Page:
As promised in my last blog, after telling you all about certain communities and their problems I would now like to focus on Practical Action’s work. But as I haven’t written much about my life here for a couple of weeks either, I will start off by telling you a bit about my life here.
I have actually been really lucky: I live with a lovely German girl, and I actually could not have wished for a better flat mate. She has already been here for 2 years, and she takes me along everywhere. So I am constantly out and about, meeting people and living the everyday Lima life. I am now also the proud owner of a bright pink bike.
|My pink bike and I, on a sunny Sunday afternoon riding along the Malecón.|
A bike in Lima is really the best way to get around. It is flat, and there’s so much traffic that you do not get anywhere by car. Buses are complicated, random – and stuck in traffic too. And there is no other public transport. I have found myself a gym too (actually the same as my flat mate goes to) and go there in the mornings before work. You might think I am crazy. But as working hours are so much more relaxed here, it’s the best time to go. Arriving at work at 9 am I’m still one of the first to get in. Oh and if I stay on longer than 5.30 pm the office is deserted and I say bye to myself J. I have become somewhat of a consultant actually: I have set up team meetings (at first the team wasn’t quite sure why I wanted this, but the first meeting then went on for 3 instead of 1 hour and now I think they see the necessity of talking to each other from time to time J). I advise on any social media activities, infographs, videos, and even held a social media training last Friday – 16 people attended (not even half of them actually do social media). Apart from that I’m writing a Social Media strategy and concept for them – which is quite challenging with over 16 channels to integrate! Oh and this is in Spanish too, of course…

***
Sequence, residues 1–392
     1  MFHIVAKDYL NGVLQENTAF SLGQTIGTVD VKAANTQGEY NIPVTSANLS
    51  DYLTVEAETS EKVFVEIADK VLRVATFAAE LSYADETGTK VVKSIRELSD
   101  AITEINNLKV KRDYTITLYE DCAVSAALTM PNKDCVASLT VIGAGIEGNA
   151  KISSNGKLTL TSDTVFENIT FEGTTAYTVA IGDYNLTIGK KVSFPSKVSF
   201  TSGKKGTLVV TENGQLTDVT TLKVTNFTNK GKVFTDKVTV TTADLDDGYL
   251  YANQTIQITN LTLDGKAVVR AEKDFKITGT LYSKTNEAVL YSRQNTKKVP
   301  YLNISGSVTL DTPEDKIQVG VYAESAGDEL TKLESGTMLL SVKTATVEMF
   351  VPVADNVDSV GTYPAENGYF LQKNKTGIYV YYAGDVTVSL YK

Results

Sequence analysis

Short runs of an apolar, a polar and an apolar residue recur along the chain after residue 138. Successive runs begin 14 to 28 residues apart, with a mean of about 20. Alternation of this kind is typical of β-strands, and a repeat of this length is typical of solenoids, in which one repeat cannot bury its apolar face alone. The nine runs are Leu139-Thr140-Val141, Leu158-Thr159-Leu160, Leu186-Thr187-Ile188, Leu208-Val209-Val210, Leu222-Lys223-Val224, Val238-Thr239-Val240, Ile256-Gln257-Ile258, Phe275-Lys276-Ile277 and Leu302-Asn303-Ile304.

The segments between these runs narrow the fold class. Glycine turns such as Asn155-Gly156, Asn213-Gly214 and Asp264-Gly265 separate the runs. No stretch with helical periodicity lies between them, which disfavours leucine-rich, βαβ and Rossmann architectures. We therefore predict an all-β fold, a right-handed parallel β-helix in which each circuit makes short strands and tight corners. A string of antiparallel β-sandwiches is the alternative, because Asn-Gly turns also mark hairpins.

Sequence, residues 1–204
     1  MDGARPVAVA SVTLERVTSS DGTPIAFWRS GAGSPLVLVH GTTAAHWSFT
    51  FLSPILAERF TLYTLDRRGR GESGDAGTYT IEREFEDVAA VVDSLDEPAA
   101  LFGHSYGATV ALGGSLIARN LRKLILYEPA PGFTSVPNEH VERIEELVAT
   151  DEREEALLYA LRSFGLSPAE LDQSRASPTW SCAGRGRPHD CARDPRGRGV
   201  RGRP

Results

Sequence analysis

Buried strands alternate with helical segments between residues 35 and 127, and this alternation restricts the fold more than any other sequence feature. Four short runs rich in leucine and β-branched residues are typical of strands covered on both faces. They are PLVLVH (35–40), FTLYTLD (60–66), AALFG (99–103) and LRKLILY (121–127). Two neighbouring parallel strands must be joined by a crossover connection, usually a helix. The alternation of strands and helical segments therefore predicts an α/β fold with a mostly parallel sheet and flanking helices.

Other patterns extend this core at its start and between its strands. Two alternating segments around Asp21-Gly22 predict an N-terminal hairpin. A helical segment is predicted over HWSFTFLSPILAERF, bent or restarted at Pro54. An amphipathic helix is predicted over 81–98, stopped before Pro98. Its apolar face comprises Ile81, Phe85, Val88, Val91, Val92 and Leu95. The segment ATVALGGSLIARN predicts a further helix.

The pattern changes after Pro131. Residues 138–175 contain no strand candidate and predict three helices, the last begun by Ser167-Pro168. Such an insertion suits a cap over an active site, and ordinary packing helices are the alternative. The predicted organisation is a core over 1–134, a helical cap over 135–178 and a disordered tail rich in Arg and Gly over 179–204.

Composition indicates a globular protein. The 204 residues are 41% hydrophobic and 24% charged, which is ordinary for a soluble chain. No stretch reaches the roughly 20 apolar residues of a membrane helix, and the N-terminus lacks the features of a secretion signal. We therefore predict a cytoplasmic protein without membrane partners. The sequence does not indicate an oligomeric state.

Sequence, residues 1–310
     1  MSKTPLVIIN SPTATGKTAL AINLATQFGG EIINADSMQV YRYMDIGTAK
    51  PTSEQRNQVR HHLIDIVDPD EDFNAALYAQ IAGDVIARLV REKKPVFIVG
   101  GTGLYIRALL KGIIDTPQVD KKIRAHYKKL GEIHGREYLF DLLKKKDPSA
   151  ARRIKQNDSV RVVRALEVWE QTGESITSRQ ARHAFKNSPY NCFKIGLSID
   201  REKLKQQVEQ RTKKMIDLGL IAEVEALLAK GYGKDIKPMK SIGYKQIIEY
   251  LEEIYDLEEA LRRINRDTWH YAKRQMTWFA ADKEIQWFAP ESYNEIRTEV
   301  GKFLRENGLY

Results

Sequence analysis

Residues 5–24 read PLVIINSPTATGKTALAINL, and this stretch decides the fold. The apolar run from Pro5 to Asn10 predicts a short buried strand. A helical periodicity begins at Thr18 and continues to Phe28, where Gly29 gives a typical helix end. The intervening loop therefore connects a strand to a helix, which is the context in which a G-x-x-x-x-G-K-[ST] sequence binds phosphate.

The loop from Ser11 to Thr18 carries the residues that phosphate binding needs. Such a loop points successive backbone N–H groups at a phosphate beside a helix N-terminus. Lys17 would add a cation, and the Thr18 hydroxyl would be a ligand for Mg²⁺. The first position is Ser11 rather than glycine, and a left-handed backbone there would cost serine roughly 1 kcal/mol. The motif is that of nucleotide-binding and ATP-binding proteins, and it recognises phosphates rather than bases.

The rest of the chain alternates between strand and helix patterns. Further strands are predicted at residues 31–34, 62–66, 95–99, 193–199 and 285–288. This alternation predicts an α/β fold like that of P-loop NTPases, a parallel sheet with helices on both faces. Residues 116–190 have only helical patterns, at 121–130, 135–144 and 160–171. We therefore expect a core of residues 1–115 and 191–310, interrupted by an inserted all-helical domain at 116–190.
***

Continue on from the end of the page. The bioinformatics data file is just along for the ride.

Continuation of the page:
|My colleagues and I. Back left my boss Doris (she calls herself Chani)|
Anyway, enough about me, now I’d like to tell you something about Practical Action’s work here.
I’ve come to learn that key is really to work very closely with the communities. Each community has its leader (or depending on the size of the community there might be various leaders (sometimes also called directors)). They have small teams of so called “brigadiers”. But the main points of contact for our people here at Practical Action are the leaders. They are often young people, and often females, as most men work. They need to be well known and well connected in the community, and trusted. Every volunteer has to attend a certain amount of workshops, each on different, relevant topics. A workshop is actually quite something to experience, as everybody of course brings their children along, all pile in to the room, happily chatting. The highlight of the workshop (at least for the children) is the part where cold drinks and snacks are distributed.